The Brunel In-Port Race marks the last competition in this edition of the Volvo Ocean Race. Announcements concerning the next race, currently scheduled to begin in 2021, can be expected shortly.

Volvo Ocean Race In-Port Race Series Leaderboard - Final

  1. MAPFRE – 64 points
  2. Dongfeng Race Team – 56 points
  3. Team Brunel – 50 points
  4. Team AkzoNobel – 50 points
  5. Vestas 11th Hour Racing – 35 points
  6. Turn the Tide on Plastic – 25 points
  7. Sun Hung Kai/Scallywag – 25 points

Volvo Ocean Race Overall Points Leaderboard - Final

  1. Dongfeng Race Team – 73 points
  2. MAPFRE – 70 points
  3. Team Brunel – 69 points
  4. Team AkzoNobel – 59 points
  5. Vestas 11th Hour Racing – 39 points
  6. Turn the Tide on Plastic – 32 points
  7. Sun Hung Kai/Scallywag – 32 points
Published in Volvo Ocean Race

#VOR - After nine months, 45,000 miles of offshore racing and 10 in-port races, the Volvo Ocean Race fleet is preparing to take the final start of the event at the Brunel In-Port Race in The Hague this afternoon, Saturday 30 June.

It will be a bittersweet moment for the sailors, many of whom may be racing together for the last time after spending many miles at sea as close teammates.

Although MAPFRE won the overall In-Port Race Series with their performance in Gothenburg, there is still much at stake on Saturday, including a tie-break scenario on the overall leaderboard.

Sun Hung Kai/Scallywag and Turn the Tide on Plastic are on equal points for sixth place on the overall Volvo Ocean Race table. David Witt’s Scallywags currently win the tie-break based on their lead in the In-Port Series. But Dee Caffari’s Turn the Tide on Plastic is just three points back.

A good performance this afternoon, with some boats in-between, could lift Turn the Tide on Plastic into sixth place for both the In-Port Series and the overall Volvo Ocean Race.

In her final race diary for The Irish Times, Turn the Tide crew member Annalise Murphy writes about the “gruelling” final stages from Cardiff, including a North Sea passage that saw her struck by seasickness for the second time this race – “just one four-hour watch but the worst four hours of the whole race”.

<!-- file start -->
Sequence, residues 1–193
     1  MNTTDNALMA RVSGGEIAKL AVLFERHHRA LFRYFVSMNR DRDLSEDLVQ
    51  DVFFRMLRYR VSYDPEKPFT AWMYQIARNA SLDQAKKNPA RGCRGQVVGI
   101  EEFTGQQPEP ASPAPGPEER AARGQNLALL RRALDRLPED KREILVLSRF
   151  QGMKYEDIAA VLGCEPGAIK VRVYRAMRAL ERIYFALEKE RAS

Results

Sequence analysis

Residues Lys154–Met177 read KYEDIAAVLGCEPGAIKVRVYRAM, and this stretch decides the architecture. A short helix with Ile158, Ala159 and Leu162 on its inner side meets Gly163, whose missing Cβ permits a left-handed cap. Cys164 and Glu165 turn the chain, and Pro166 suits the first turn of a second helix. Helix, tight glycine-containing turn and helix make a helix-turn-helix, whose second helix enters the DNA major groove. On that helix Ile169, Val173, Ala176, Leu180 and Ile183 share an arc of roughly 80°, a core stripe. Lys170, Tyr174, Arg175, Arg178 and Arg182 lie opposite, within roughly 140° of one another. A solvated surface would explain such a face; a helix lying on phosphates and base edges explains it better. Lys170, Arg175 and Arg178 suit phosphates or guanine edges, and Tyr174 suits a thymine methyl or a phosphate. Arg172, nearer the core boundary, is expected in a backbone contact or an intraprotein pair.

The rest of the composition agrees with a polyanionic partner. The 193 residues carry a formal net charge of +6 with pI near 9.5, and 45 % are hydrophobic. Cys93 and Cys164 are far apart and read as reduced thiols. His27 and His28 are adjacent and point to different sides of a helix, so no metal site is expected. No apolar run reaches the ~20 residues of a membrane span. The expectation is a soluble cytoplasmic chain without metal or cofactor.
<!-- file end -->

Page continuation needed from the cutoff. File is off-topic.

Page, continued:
Reflecting on her experiences since last summer, and whether she’d consider another VOR in her future, Annalise says: “The intensity of the competition, the manic schedule in-port, the stripped-down simplicity of life at sea, the non-stop-every-waking-hour concentration is both daunting and addictive.”

Annalise returns to Ireland tomorrow, but is taking only a week off before getting into the thick of her 49erFX ambitions for Tokyo 2020 with sailing partner Katie Tingle.

Back to this afternoon, and there will be a battle between Dutch skippers Simeon Tienpont and Team AkzoNobel and Bouwe Bekking’s Team Brunel for the final podium spot in the series as just two points separate the teams.

And AkzoNobel has an outside chance at catching overall race winners Dongfeng Race Team for second place, although the gap is five points.

Racing starts earlier than usual, with the dock-out serene and race start from 12.30pm Irish time, and will be broadcast live on all of the usual Volvo Ocean Race outlets.

Current Volvo Ocean Race In-Port Race Series Points Table:

  1. MAPFRE – 61 points
  2. Dongfeng Race Team – 50 points
  3. Team AkzoNobel – 45 points
  4. Team Brunel – 43 points
  5. Vestas 11th Hour Racing – 33 points
  6. Sun Hung Kai/Scallywag – 24 points
  7. Turn the Tide on Plastic – 21 points

Volvo Ocean Race Overall Points Leaderboard:

  1. Dongfeng Race Team – 73 points
  2. MAPFRE – 70 points
  3. Team Brunel – 69 points
  4. Team AkzoNobel – 59 points
  5. Vestas 11th Hour Racing – 39 points
  6. Sun Hung Kai/Scallywag – 32 points
  7. Turn the Tide on Plastic – 32 points
Published in Volvo Ocean Race

#VOR - Dongfeng Race Team has won the 2017-18 Volvo Ocean Race in the closest finish in race history.